Muhammad Ibn Ishaq was associated with the second generation of traditionists called Al Tabieen/ Followers who saw some of the Sahabah / Companions but not Muhammad; notably, al Zuhri, Asim b Umar b Qatada and Abdullah b Abu Bakr. All these authors were so near to the events they recorded, that they needed no ISNAD/ Chain of Transmitters to cite their authority or to prove the veracity of their collections.
The ISNAD was needed much later on when the traditions were removed SEVERAL centuries after the death of Muhammad and tens of thousands of MADE to ORDER stories were concocted to fit in with the agenda of one sect or a ruler or another.
His study of Muhammad's Sunna (Muhammad's alleged deeds, sayings and traditions) must have started very early for at the age of 30, he went to Egypt to attend the lectures of Yazid b abu Habib. There, he was regarded as an authority, for the same Yazid, his tutor, afterwards related traditions on Ibn Ishaq's authority.
On his return to Madina, he went on with the collection and arrangement of the material he collated. Al Zuhri, who was in Madina in 123AH, is reported to have remarked that " the Madina would NEVER lack ILM (religious knowledge) as long as Ibn Ishaq was there", and he eagerly gathered from him the details of Muhammad's wars.
Although Ibn Ishaq's Sira was preceded by several Maghazi/ books of Raids of unknown dates, none the less, there is no doubt that his biography of Muhammad had no serious rival.
Muhammad bin Ishaq (who died in 150 or 151AH), is unquestionably the principal authority on the Sira (Muhammad's biography) and Maghazi (Raids) literature. Every writing after him has depended on his work, which though lost in its entirety, has been immortalised in the wonderful, extant abridgement of this pioneering work by Abu Muhammad 'Abd al-Malik bin Hisham or Ibn Hisham (d. 833)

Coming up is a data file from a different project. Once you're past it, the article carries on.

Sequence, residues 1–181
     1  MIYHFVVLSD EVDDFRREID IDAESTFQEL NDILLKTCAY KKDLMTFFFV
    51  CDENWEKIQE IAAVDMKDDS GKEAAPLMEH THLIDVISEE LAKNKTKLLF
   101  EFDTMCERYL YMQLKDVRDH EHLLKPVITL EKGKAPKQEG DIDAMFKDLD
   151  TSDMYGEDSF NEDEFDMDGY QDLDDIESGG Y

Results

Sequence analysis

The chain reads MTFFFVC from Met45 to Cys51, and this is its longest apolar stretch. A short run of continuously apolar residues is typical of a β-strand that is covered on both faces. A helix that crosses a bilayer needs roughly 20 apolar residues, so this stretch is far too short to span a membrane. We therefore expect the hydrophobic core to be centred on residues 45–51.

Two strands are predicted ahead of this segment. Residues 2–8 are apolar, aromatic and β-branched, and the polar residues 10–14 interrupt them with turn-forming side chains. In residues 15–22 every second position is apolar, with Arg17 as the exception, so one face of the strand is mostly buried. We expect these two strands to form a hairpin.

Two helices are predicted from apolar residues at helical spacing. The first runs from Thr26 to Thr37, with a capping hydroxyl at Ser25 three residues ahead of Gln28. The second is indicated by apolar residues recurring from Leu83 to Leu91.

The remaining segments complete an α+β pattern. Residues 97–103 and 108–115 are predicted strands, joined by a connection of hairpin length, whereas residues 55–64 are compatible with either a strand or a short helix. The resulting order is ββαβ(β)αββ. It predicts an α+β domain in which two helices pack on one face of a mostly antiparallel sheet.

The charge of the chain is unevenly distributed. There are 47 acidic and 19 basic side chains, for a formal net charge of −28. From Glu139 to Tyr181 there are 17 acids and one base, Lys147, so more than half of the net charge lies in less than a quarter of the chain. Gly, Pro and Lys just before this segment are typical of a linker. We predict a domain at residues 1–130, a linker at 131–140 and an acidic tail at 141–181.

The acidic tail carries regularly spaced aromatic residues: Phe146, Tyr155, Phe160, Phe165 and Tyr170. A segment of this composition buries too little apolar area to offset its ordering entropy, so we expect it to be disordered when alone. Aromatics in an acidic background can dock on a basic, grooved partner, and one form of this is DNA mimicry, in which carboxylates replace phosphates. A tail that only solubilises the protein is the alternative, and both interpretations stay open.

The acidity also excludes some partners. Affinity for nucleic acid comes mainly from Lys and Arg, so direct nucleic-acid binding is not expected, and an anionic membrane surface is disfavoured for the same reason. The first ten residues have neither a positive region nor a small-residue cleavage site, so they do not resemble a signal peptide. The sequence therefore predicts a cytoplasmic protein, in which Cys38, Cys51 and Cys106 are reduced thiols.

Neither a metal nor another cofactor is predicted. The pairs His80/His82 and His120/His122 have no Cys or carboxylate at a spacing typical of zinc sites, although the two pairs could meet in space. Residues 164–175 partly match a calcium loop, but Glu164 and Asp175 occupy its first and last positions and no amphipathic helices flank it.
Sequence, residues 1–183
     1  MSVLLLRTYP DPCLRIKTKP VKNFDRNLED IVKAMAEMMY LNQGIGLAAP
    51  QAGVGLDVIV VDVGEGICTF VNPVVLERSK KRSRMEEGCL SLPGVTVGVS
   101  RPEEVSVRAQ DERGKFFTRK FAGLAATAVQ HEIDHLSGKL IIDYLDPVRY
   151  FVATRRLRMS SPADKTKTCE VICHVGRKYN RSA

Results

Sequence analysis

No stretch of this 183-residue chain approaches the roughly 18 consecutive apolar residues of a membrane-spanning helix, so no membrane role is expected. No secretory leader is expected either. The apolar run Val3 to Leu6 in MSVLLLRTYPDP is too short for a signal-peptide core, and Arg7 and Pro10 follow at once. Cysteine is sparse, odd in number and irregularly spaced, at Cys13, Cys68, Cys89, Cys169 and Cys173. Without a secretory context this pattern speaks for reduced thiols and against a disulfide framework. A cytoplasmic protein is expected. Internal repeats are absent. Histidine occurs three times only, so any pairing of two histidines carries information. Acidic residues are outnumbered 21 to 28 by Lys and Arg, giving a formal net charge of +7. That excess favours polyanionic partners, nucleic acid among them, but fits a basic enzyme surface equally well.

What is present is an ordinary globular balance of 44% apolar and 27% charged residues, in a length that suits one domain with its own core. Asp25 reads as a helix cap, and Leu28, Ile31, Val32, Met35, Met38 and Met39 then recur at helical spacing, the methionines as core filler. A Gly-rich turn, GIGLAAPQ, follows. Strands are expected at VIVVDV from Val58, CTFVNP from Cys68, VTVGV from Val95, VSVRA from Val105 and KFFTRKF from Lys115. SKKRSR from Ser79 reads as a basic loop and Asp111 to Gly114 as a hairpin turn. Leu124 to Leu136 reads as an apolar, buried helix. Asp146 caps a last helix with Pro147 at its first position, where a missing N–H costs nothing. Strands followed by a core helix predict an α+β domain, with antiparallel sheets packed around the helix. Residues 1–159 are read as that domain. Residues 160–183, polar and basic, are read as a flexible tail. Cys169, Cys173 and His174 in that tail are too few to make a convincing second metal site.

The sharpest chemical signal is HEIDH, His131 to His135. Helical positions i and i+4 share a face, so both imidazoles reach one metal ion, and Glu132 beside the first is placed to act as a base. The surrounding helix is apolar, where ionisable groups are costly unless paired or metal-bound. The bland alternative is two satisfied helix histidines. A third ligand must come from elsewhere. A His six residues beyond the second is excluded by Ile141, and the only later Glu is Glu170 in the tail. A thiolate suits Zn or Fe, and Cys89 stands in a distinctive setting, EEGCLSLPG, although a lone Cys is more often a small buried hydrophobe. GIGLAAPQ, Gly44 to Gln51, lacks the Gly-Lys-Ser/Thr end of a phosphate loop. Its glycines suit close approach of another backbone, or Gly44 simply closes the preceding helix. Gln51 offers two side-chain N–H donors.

Ibn Ishaq's work is notable for its excellent rigorous methodology and its literary style is of the highest standard of elegance and beauty. This is hardly surprising when we recall that he was an accomplished scholar not only in the Arabic language but also in the science of hadith.
For this reason, most of the ISNAD (chains of narration) that he gives in his Sira are also to be found in the authentic books of hadith that were written two to three centuries after him.
Ibn Ishaq, like Bukhari and Muslim later on, travelled very widely in the Muslim world in order to authenticate the isnad of his hadith. It is reported that he saw and heard Saeed bin Al-Musayyib, Aban bin Uthman bin Affan, Az-Zuhri, Abu Salamah bin Abdur-Rahman bin Awf and Abdur-Rahman bin Hurmuz Al-Araj. It is also reported that Ibn Ishaq was the teacher of the following outstanding authorities among others:
(a) Yahya bin Saeed Al-Ansari
(b) Sufyan Ath-Thawri
(c) Ibn Jurayh
(d) Shu'bah bin Al-Hajjaj
(e) Sufyan bin Uyainah
(f) Hammad bin Zaid
The second most authoritative book on Sira is that of Al-Maghazi/ Raids by Muhammad bin Umar Al-Waqidi Al-Aslami (who lived from 130 to 207AH and is buried in Baghdad). This book was widely read in various parts of the Muslim world.
The third authoritative work on Sira is Ibn Sad's Tabaqat-ul-Kubara (nine volumes). Ibn Sad was both the student and the scribe/secretary of Al-Waqidi. The quality and scholarly excellence of his Tabaqat-ul-Kubara say a great deal about the academic competence of his teacher and patron.
Ahmad bin Jafar bin Wahb, (died 292AH) called Al-Yaqubi, his work is unique for its examples of Muhammad's sermons, not to be found elsewhere, especially those containing instruction and admonition.